December 7th, 1989
I’m sitting on the opposite end of the couch to Ben, with our legs entwined underneath the blanket, but as usual, I’m getting ahead of myself.
Mum is home and not surprisingly, she looks ghastly, poor thing. I was surprised to find her in such a talkative mood this morning and ended up staying up much longer than I expected to. We talked a lot about Nana and mum said as shocking as Nana’s passing is, she feels a sense of peace knowing her Mother passed quickly and didn’t suffer.
By the afternoon, I was falling of my feet so I lay on the couch with Tini (love that) in the hopes mum would leave me to it. I eventually dozed off and woke up with the phone ringing. I had no intention of getting up to answer it but no sooner did it stop, then it started again.
“Ugh!” I exclaimed, moving Tini, who made a sound of disapproval. I stumbled into the hall and picked up the phone.
“Hey, what are you doing back?”
“I got home this morning.”
“I thought you weren’t due back for another couple of days?”
Shit, I thought. “Yeah, the eh, the trip had an unscheduled change. Why are you ringing?”
He laughed. “Do I need a reason?”
“Sorry, that came out all wrong. The phone woke me up and I’m a bit groggy.”
“Too groggy to go out for a drink later?”
I heard a key in the front door and saw dad’s silhouette through the glass. “Sorry, I have to go,” I whispered. “I’ll come and pick you up at six.”
“Hullo hen, how was your trip?” Dad asked, removing his jacket, hanging it on one of the hooks under the stairs.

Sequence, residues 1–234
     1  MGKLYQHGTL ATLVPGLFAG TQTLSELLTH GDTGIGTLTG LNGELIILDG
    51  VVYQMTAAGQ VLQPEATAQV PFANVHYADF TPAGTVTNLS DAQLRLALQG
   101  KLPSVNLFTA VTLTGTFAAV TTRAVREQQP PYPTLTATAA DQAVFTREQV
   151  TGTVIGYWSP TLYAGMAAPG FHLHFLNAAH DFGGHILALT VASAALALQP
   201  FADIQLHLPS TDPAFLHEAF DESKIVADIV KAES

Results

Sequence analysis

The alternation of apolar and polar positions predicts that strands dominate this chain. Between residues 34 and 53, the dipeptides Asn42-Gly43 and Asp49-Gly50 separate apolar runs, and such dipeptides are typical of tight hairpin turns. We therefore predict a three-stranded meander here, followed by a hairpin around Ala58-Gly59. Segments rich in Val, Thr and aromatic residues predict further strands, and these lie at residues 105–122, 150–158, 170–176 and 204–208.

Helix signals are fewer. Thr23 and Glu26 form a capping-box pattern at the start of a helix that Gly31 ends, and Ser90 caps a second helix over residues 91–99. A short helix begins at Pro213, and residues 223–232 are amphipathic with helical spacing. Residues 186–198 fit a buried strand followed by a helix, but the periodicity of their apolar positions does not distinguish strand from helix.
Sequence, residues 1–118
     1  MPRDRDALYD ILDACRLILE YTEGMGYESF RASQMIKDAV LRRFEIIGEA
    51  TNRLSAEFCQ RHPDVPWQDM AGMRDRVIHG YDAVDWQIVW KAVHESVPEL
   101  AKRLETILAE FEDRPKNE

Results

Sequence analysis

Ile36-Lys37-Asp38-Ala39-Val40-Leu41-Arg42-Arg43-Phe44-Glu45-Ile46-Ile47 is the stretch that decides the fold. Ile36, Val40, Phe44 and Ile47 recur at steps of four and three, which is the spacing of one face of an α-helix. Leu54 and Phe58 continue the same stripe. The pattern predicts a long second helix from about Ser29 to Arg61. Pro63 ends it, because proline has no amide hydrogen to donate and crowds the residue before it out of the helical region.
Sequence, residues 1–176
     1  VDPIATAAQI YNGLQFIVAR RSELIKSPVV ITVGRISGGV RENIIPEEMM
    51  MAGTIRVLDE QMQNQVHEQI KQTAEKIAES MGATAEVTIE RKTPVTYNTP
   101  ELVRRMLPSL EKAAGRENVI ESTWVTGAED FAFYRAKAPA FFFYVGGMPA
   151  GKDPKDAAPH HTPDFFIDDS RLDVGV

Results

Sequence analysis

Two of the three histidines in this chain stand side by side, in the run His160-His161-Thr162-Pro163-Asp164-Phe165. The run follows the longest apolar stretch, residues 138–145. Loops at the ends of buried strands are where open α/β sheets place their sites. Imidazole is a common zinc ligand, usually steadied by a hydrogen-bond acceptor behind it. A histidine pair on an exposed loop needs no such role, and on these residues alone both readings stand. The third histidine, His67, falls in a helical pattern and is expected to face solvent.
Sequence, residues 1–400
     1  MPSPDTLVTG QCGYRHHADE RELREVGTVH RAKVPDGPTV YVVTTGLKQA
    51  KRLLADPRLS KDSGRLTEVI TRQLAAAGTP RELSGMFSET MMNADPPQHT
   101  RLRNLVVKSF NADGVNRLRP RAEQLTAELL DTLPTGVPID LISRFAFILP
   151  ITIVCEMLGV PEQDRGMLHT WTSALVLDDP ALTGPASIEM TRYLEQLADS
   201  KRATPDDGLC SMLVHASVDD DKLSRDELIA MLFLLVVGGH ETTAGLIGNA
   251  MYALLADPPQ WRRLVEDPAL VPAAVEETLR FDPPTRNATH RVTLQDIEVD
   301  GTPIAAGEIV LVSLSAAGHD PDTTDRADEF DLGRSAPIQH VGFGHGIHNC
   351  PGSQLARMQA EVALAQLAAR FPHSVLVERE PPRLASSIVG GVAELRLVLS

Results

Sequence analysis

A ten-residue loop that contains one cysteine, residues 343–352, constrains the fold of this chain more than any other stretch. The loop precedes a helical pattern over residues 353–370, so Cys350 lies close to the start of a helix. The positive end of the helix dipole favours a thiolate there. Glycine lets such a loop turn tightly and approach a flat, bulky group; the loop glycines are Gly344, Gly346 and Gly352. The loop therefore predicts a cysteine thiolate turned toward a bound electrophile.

“It was, uhm, interesting.”
“Who was that?” he asked, gesturing to the phone.
“Just a friend.”
“Are you going out?”
“I think, so, yes,” I muttered, feeling hugely uncomfortable but knowing there was no way I could tell dad (or mum) I was going to meet Ben. Things are already bad enough at home, without me adding to it.
“Is mum in bed?”
I nodded my head, yes.
Dad went upstairs and I could hear him moving around the bedroom, talking to mum. I grabbed my coat and tapped the pocket to make sure my car key was inside. From the bottom of the stairs, I shouted, “I’m off out.”
“That was quick,” dad said from the top landing. “Is that you away?”
“Yeah and I’ll probably be late.”
“Ok, hen, just be careful on the roads, it’s awful icy.”
“I will. Bye dad, see you later.”
I felt horrible leaving and as much as I wanted to see Ben, I also felt guilty. Telling dad the truth of what I was doing might not have been so bad but if mum knew, she’d have a fit and I don’t want to add to her stress.
However, those thoughts disappeared the second Ben opened the door to me.
“Are you coming in or are we going straight out?” he asked.
“Out. Somewhere far from here,” I said, meeting him halfway for a kiss.
“You smell divine.”
“As do you,” I smiled.
I drove with no destination in mind and we laughed and talked with great ease. We eventually ended up in St. Albans at an old pub, where we had dinner and talked nonstop about all sorts.
Now we’re here on the couch, enjoying the kind of moments I wish I could freeze.